'The Mozart Project'
Messing with Amadeus
After having jammed all that into a paragraph, the fabulousness of the program, packed with goodies sure to prove the worth of one's ticket, is clear to me. But beforehand, for a minute, I was skeptical: Was inviting big names to interpret the biggest name in classical music pandering to the most basic knowledge in an effort to cast the widest net possible for an audience? Isn't the best way to appreciate Mozart to listen to his music closely, purely, free from distraction? So I emailed a few of the artists: Why mess with Mozart?
Schumann, Mills, and Reynolds politely set me straight. How can you not mess with Mozart? The fact is, we've all heard bits of his work somehow, somewhere – if not in concert, then perhaps in front of the television: Mozart is rampant in commercials, cartoons, and movies. And that is exactly why it should be revisited, reconsidered, jumped off from, they wrote. It's in our DNA, wrote Schumann; part of our "music literacy," noted Mills. Reynolds and Schumann reminded me that, duh, composers don't live in bubbles, so it's impossible not to be influenced by Mozart, and purposefully delving into his mastery results in richness, illumination, a kind of collaboration.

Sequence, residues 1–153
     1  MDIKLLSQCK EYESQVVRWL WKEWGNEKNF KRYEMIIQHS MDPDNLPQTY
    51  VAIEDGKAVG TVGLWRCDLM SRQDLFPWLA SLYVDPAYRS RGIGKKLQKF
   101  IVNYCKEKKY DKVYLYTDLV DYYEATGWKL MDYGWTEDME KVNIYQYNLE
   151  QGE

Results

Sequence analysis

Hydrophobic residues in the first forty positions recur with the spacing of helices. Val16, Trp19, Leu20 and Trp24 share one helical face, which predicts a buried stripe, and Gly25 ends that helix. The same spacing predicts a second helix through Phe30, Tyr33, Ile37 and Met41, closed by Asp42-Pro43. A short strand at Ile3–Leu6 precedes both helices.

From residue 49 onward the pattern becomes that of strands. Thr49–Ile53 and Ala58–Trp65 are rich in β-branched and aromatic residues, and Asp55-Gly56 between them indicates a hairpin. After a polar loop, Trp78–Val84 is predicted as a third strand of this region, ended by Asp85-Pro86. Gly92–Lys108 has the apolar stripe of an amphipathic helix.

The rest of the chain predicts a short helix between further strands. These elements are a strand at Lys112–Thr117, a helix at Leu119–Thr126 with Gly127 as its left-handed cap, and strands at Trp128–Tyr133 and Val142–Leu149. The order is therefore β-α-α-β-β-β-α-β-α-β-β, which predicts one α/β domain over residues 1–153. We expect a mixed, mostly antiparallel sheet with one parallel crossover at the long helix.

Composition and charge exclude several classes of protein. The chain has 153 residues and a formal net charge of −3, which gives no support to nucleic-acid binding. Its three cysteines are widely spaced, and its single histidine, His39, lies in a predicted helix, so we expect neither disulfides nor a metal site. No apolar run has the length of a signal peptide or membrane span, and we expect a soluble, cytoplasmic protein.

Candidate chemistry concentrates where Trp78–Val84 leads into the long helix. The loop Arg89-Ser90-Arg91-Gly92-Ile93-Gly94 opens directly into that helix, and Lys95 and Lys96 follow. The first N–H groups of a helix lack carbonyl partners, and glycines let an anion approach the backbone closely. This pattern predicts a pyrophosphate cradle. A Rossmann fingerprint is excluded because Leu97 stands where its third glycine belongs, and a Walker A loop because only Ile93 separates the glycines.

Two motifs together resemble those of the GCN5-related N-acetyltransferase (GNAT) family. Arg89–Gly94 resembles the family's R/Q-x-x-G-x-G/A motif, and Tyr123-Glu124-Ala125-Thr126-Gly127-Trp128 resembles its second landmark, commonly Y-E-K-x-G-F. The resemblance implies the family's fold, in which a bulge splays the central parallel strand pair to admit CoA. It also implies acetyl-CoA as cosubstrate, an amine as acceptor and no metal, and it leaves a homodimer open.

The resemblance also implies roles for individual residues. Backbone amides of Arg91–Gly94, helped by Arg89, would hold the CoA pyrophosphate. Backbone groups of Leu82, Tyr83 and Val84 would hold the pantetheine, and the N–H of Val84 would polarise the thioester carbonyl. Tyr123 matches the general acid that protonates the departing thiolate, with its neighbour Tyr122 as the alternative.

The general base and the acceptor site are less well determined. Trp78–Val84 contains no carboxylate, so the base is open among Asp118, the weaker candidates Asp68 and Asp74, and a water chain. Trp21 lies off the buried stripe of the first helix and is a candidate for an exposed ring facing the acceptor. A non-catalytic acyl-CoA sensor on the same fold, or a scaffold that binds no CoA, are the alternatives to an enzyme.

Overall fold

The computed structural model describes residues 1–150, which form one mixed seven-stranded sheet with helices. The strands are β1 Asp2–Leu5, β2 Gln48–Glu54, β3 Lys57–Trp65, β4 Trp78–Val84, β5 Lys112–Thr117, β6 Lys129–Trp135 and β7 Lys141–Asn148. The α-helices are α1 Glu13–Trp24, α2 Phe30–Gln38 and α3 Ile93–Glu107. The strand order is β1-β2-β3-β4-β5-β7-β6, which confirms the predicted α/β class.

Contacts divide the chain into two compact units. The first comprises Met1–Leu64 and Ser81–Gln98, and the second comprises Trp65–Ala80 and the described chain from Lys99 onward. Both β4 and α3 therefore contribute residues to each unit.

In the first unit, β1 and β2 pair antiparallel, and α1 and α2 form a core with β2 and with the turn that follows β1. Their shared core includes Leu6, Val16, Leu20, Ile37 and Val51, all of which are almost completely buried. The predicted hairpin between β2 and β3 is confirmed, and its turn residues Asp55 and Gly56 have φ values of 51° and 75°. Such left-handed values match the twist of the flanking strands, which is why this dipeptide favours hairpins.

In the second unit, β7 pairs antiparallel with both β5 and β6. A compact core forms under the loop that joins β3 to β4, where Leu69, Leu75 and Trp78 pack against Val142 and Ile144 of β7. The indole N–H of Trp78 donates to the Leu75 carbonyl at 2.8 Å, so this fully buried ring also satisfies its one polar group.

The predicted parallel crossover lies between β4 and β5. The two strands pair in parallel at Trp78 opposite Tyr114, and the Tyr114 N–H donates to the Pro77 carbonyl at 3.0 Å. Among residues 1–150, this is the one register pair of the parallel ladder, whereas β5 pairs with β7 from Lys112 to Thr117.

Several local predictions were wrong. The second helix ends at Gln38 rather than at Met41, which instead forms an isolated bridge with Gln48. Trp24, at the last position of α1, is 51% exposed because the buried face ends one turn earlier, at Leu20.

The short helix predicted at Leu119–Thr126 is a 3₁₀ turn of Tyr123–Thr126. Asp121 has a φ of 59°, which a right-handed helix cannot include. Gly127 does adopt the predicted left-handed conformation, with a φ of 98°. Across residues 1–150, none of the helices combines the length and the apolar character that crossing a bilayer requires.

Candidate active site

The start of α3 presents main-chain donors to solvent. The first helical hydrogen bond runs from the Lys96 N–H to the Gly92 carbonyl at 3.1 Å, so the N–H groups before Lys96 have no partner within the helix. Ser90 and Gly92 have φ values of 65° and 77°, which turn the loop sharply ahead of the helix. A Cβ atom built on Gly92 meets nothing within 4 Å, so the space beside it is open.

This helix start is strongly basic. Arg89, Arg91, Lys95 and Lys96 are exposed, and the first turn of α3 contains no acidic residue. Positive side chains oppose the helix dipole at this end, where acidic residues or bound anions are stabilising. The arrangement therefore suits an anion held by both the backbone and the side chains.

Schumann also reminded me about the sheer joy of association and allusion. Of course! Working with Mozart lets in the greatest number of audience members, inviting all of us to make those connections and build our personal experiences with the composer's genius. Upon stepping out of the theatre into the ever-so-slightly crisp night air, synapses firing, for a few minutes we can have it all: the we and here and now coexisting with fast-fading images of the dancers' movement, musical motifs clarified by choreography, a few remaining droplets of sound, along with all the television commercials and cartoons of childhood – melodies plinked out from the scores of our memories.
The Mozart Project will be performed Sept. 30-Oct. 2, Friday & Saturday, 8pm, and Sunday, 3pm, in Dell Hall at the Long Center, 701 W. Riverside. For more information, call 476-2163 or visit www.balletaustin.org.